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Guest Blog

Read about different aspects of the industry from a variety of perspectives.

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Success in the military is described like this: A mission progresses by defining the tasks, obtaining the tools necessary to complete the task or tasks and then determining the metric for defining success. The metric, therefore, is attainable at one level and desirable at another.

Generals have used this model for centuries. All military officers strive for the desirable but often will denote success if the task is attained. We might think of the model this way: Something is better than nothing, but it is not quite everything.

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Spring arrived in a blade of wheat this afternoon. The rebirth of the organic world is here. This is spring.

Of all times of year, spring brings immortal thoughts. The cycling of life from death and then rebuilt as new life through birth is everywhere. We gaze upwards and feel the warmth of the sun. Our pale skin turns reddish and like pigments in plant cells. They are made different when sunlight enters them.

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Recently, a dairyman asked me if I knew the requirements for becoming organic. Naturally, I tried to ease his obvious insecurity with humor. I told him that he’d have to let his hair and beard grow out and start wearing tie-dye shirts with sandals. I also told him I’d be on the lookout for a Volkswagen van, since producers have to use them as their primary means of transportation if they want to become certified.

Of course, in reality, it is a serious (and often sensitive) issue. Nowadays, it seems the line between organic and non-organic producers in this country is about as thick as the line between Democrats and Republicans. Not only are they severely divided, but they forget that they have to work together.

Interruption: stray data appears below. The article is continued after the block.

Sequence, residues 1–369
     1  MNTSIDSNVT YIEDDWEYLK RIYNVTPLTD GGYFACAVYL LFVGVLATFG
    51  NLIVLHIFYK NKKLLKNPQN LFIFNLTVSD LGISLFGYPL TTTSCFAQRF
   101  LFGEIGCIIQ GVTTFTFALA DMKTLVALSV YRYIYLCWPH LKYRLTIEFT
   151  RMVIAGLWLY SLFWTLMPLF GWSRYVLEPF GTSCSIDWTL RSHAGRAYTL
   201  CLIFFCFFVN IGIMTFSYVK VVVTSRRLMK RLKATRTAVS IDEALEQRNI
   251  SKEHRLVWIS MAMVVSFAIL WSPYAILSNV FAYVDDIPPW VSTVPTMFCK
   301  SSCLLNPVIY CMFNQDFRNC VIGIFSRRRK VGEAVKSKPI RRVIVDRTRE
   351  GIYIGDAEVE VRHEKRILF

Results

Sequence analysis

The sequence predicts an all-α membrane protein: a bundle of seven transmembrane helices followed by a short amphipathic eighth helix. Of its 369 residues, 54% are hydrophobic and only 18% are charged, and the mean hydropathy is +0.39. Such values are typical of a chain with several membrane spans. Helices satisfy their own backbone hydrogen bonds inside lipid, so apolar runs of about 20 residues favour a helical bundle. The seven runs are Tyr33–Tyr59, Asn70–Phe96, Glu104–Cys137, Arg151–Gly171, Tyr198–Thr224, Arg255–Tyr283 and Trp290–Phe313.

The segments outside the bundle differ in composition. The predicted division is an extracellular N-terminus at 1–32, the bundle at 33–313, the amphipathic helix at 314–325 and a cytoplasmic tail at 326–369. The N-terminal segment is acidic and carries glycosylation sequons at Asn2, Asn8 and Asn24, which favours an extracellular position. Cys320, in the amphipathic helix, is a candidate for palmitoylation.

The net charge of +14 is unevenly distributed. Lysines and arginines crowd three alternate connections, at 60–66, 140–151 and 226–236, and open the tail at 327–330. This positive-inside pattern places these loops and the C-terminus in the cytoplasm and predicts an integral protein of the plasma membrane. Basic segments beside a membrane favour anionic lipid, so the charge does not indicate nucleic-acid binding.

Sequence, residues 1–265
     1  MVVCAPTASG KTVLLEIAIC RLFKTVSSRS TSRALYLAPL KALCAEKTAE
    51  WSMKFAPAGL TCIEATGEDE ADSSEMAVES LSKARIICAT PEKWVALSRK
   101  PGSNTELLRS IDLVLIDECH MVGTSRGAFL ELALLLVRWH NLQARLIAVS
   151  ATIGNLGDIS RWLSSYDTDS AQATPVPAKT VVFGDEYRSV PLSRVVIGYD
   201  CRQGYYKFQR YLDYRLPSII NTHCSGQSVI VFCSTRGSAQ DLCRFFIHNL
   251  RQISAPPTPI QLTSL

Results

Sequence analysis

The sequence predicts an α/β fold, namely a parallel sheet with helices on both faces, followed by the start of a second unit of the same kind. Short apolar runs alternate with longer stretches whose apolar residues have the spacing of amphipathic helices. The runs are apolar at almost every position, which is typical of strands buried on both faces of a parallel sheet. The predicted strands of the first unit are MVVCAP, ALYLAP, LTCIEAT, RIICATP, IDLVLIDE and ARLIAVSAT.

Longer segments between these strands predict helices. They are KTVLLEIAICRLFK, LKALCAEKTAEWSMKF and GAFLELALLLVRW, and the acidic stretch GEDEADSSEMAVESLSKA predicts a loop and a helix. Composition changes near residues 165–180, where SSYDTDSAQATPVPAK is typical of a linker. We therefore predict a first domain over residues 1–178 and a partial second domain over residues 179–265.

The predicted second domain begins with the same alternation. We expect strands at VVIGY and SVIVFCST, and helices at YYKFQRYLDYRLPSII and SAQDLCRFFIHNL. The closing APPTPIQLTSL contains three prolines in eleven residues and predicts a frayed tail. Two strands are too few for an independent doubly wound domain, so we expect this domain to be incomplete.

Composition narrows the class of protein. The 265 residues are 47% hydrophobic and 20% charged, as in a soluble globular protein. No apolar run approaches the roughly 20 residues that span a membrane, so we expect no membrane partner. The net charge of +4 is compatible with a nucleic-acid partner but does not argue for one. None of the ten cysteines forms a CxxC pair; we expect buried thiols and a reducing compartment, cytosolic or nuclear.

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As my entry into the civilian world becomes easier, I am often asked this question: “What lessons did you learn in Afghanistan that can help us understand our way of life here in America?” Let me provide two answers to this question in this month’s column.

At the top of the list are opportunities. In much of the developing world, and especially in Afghanistan, residents are old soldiers, illiterate adults or children, who if fortunate are attending a school. Or written this way, nearly everyone has few opportunities at joining the global economy and improving their way of life. The Taliban’s overarching objective was (and is today) obstructing learning, thus through ignorance avoiding the public free-thought process that might challenge them, revolt and demand change. They are today targeting schools and bringing harm to teachers.

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Winter has arrived in Michigan. In weather very similar to that of Bagram Air Field in Afghanistan, I have come from the cold and entered the cold.

My leave taking of Afghanistan is nearly complete. I am home physically. However, parts of me are still embedded in the U.S. military unit of soldiers, airmen and warriors. I was told by many of my friends in Afghanistan that the return home would be difficult.

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As I turn the wall calendar over to January, the days left here in a war zone are on one page – a single page. I can, as often as I want, look up on the wall and visually see a day when I will likely leave Bagram Air Field (BAF), the day I will probably leave Kabul and the day I will arrive in East Lansing, then an hour later, in Alma, Michigan.

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